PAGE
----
I am a strong advocate for men. Clearly and unambiguously so. This has nothing to do with being anti-feminist – it has to do with recognising a real and growing problem with our young guys. In most areas, pay especially, to me, pay difference based on our appendages is strange, wrong, but seemingly entrenched. This is not the point of the post.
We have a major problem with our boys – in the way we raise them, in the way we treat them. I live in New Zealand, and even here in our comparatively egalitarian society we are massively failing our little guys. This says nothing of the way other countries work, but things are kindof similar elsewhere if I’m reading it correctly.
Put simply – we hate our little dudes. I think in general they way we raise kids is to some degree questionable, but especially so in the case of boys. I actually hear and agree with a lot of feminists – our guys are indeed off the rails in a lot of areas. The causes however I could not be more at odds with them over. They blame our boys directly, and I blame the way we have raised them. Boys are taught that they are cannon fodder. Worthless and meaningless. Their video games are just about senseless slaughter and they sit and play them all day long – without a shred of enjoyment.
This is not how you raise kids.
This is how you feed kids into the organ grinder of an uncaring society. When we get mass shootings as a result, we throw our hands up and say how can this be – its pretty obvious how this can be. Our kids – boys and girls, need our love. Unconditionally. This needs to come before anything else. I dont subscribe to either side of the political field – but on the subject of family – I am distinctly conservative. I have a little girl of my own, and family is more important to me than anything else – family is the most core thing in my life.
Young lives are by definition somewhat difficult. They are finding their own path, challenging authority. No problem – its what they do. As thoughtful parents we realise that fact. Its when our kids don’t feel loved, when they don’t get listened to that the real problems start. I’ve heard of a trend in the US around letting kids (like under 10) make a lot of the decisions around the house. sorry, but seriously, that is not showing your kids love. That is just a wanton disregard for being a real parent. Your job as a parent is to call the shots. Does a general defer to his favourite little sergeant over where we bomb today?
The best answer – talk to these people. There is nothing more valuable than giving these guys, or anyone for that matter, your time. The time you give these people shows commitment. Just like money is good in business, time is good to show someone you actually care, and a continual engagement proves you do. And that is what our kids need.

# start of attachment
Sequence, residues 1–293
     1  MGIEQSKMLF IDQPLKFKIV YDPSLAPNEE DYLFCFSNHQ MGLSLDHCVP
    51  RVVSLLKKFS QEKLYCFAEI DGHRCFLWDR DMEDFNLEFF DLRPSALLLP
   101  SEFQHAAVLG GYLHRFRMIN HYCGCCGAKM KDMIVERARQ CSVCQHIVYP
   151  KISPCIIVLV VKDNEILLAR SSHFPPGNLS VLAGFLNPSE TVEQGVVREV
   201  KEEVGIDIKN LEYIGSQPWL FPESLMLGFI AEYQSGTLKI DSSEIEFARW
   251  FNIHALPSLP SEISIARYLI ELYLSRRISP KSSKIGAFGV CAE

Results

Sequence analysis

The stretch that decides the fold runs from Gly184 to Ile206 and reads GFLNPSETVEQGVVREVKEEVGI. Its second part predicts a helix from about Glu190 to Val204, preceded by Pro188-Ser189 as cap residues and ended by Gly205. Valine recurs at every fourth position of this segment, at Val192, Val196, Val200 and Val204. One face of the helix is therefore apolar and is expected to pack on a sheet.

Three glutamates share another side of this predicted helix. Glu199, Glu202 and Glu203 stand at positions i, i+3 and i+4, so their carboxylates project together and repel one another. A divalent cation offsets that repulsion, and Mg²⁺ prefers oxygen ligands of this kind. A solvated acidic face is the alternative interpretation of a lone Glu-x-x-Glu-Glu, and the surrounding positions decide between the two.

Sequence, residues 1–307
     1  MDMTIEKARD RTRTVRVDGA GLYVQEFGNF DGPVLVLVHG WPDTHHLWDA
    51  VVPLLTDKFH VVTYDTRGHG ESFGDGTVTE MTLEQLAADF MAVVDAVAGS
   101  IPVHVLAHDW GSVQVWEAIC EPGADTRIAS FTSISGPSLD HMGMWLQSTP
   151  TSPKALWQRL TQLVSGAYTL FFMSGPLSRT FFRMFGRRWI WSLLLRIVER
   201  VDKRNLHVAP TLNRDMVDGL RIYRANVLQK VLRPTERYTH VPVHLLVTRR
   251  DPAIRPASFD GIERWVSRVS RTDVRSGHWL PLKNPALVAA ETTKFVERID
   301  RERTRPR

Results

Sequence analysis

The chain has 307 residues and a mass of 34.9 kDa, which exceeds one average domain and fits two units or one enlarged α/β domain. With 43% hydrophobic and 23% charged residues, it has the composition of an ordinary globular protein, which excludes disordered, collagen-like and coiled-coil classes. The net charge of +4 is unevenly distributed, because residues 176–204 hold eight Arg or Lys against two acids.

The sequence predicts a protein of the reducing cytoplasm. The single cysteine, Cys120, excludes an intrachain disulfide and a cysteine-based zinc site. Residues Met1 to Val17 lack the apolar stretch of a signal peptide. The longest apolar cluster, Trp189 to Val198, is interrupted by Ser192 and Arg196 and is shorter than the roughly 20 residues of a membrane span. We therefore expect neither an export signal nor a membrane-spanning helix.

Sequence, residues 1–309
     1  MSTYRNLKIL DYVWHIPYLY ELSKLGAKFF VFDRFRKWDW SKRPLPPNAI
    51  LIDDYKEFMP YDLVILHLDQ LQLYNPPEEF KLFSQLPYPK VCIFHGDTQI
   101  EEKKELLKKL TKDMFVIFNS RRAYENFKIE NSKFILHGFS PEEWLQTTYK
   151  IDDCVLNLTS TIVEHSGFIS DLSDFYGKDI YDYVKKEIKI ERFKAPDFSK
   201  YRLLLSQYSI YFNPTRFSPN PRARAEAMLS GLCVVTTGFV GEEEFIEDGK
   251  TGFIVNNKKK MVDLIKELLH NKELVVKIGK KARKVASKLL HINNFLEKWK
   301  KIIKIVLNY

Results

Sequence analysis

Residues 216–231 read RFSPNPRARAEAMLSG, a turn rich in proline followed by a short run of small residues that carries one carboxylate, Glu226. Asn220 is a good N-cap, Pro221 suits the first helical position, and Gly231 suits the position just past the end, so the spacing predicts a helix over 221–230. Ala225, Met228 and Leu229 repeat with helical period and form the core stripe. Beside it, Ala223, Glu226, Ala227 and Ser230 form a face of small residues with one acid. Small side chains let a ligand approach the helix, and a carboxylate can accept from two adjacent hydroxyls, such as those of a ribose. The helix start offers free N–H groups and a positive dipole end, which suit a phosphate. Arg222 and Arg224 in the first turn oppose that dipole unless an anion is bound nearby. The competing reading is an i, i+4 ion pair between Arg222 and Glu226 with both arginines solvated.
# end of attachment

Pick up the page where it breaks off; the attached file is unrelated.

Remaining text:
Now, the flipside. There would be an instant chorus of hate for this schmaltzy story from most – there IS no time. And dont worry. I get that. Society seems rigged against us. Companies are downsizing to cut cost, and squeezing more and more out of who’s left. There never was a social contract between the corporate world and families, more so, the opposite view is held, that a corporation’s ultimate responsibility is to its shareholders and maximising profit, whatever the (social) cost. We can argue that all day, but the current trend is very clear – less staff, working harder, stagnant pay. Here in New Zealand, where we have a veil of egalitarianism, it is very much out of favour to raise any voice of complaint against what is ostensibly called the status quo. I say ostensibly because the “Status quo” keeps shifting, seemingly always in the favour of corporations. If you look closely at New Zealand employment law, there are no protections for New Zealand staff – if a company wants to bring someone in from overseas for a reduced rate, then the only thing stopping them is a very weakly enforced “Labour market test” – and that is rigged in the favour of the employer – because to challenge that you have to make a complaint – ie. it is reactive rather than proactive, and your head is above the trenches by that point. You’ll never work for that company again. In the US, all my friends say the situation is far worse. I only mention it because it recently happened to me – I designed most of the mobile network for a major city in NZ, a role came up in my old company, I knew all the guys, ticked all the boxes, except cost (and the hidden nepotism box) ergo – no job.
So what has this to do with our kids?
Less Certainty. Less time. Thats what. The less time we spend, the less opportunity to have a meaningful impact on their lives. Our boys, for all the tough acts we love to think they put on, seem to be the most susceptible to this. While we watch 300 and love to reminisce on our past glory, we need to be able to tell these guys in this age how much we love them. The importance of family *IS* and the lionesque appeal to rugged individualism *IS NOT* what is needed for survival in this modern environment.